Finally, you can assess someone’s claims according to their overall approach to the topic and the kind of interpretation they make of it. Some people may clearly set out to be as objective as possible, whereas others adopt a deliberately biased approach in order to promote a particular point of view. Honest bias is probably better than false neutrality, but you need to be aware of the ways that the biased approach will limit people’s interpretation of the facts. For example, the comments of a politician arguing for their policies are going to be biased in favour of promoting those policies – compared to, say, a political journalist from the BBC who sets out to analyse the issue in a more objective way that explains the different views of it.

Bias should not be confused with vested interest, although they may go together in many cases. Someone can have a vested interest, yet take an objective and balanced tone when explaining the facts as they see them. On the other hand, someone without a lot of vested interests may be inspired by sympathy with one side or the other to weigh strongly into a debate: for example, the actor Joanna Lumley got involved in the campaign to give immigration rights to the UK to Nepalese Gurkha soldiers in the British army. She clearly had nothing much to gain from this herself, but nevertheless was a passionate advocate of the cause.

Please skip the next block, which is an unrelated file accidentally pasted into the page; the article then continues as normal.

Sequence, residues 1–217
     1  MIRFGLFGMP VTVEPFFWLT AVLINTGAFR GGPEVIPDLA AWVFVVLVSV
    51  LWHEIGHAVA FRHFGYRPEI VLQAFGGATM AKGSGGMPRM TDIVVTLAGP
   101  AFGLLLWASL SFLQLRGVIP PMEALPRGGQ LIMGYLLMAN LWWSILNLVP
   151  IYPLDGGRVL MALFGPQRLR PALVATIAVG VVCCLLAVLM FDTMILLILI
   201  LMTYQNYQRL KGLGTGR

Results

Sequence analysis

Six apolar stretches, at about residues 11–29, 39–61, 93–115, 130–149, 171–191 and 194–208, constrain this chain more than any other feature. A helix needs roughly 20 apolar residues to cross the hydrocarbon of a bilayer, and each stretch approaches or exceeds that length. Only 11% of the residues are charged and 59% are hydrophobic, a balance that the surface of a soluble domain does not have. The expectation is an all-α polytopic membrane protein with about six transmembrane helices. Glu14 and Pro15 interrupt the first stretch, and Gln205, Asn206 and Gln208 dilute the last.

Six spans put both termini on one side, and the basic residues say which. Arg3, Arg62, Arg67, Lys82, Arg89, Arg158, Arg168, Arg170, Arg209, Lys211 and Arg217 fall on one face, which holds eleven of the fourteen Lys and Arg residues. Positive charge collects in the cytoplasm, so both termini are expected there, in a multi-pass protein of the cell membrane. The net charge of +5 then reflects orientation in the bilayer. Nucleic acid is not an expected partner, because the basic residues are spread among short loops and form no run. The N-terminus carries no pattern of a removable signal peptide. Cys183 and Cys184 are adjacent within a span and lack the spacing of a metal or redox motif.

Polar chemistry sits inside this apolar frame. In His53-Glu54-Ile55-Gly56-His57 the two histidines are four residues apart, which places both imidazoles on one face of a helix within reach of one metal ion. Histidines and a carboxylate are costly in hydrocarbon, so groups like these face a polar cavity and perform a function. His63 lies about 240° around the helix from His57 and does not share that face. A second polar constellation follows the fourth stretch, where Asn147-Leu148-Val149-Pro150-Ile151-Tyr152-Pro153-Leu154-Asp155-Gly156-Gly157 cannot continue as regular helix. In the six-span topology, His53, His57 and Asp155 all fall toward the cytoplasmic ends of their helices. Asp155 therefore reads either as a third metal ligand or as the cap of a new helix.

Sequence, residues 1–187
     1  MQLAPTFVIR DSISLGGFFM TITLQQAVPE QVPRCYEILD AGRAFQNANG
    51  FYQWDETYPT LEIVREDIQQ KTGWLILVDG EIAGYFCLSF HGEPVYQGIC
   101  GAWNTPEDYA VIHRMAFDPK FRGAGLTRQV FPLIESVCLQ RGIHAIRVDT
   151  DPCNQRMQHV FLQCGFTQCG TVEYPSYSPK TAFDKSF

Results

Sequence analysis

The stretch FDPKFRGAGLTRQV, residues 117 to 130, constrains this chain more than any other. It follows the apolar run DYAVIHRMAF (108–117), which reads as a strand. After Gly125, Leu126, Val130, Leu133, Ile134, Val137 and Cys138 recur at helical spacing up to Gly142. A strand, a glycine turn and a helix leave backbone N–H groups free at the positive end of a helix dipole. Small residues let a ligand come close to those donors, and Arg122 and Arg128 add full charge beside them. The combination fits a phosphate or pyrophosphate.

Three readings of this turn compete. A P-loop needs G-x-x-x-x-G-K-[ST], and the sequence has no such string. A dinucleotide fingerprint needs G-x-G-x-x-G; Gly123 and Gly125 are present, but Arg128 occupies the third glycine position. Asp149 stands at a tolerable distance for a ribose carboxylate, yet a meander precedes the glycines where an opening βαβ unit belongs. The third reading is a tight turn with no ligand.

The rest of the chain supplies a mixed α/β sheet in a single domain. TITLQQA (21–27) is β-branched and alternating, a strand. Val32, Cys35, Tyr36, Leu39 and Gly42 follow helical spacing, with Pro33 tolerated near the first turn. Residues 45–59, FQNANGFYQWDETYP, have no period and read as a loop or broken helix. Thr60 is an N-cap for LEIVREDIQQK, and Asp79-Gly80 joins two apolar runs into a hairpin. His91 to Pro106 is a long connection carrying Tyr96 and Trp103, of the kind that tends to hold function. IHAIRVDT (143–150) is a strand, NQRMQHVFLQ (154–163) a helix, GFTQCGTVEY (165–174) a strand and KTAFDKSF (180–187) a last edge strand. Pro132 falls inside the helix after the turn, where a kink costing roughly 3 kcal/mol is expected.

So, do you believe the Russian government? The judgement needs to be incremental and comparative. So, compare it to another source, say the British government on the Skripal Case. What are their reputations, their abilities to get information, their vested interests, expertise, and record on bias? These all need to be put together, with none of them being used as an absolute to either accept total authority or to completely dismiss.


For an index of all critical thinking blogs see this page.

Picture: Franco Atirador (Wikimedia Commons)


Critical Thinking 7: Authority and Credibility

The Middle Way involves the avoidance of absolute authorities, but also the avoidance of the converse – dismissing all authority. In between we have the idea of justified authority that can be based on experience. Recognised fallacies in Critical Thinking, such as the irrelevant appeal to authority or the genetic fallacy, reinforce this need to avoid dogmatic extremes in thinking about authority. John_Caird_(theologian)Cognitive biases such as the authority bias also reflect psychological evidence of our tendency to uncritically obey authorities, especially reflected in the famous Milgram experiments.

The basic fallacy recognised in Critical Thinking in relation to authority is the irrelevant appeal to authority. This involves the assumption that an authority figure must be correct in whatever they claim, whether or not it is relevant to their particular expertise. Many adverts trade on this by using celebrities to endorse products that they have no particular expertise in. The following US commercial from the 1950’s is a classic example:

Nevertheless, because doctors are probably not a relevant authority to consult on which brand of cigarette to smoke, this does not imply that they do not have any authority. I am likely to rely on my doctor’s authority if he prescribes me a drug for a serious condition – not because I think him/her infallible, but because experience suggests that doctors are the best available source of information. The justification is largely second-hand, but no worse for that: the experience of most other people, that they have communicated to me, is that doctors are the best available guides to the complex field of medicine. To dismiss this authority on the basis of some mistakes made by doctors (even some serious ones) would be to make the reverse fallacy.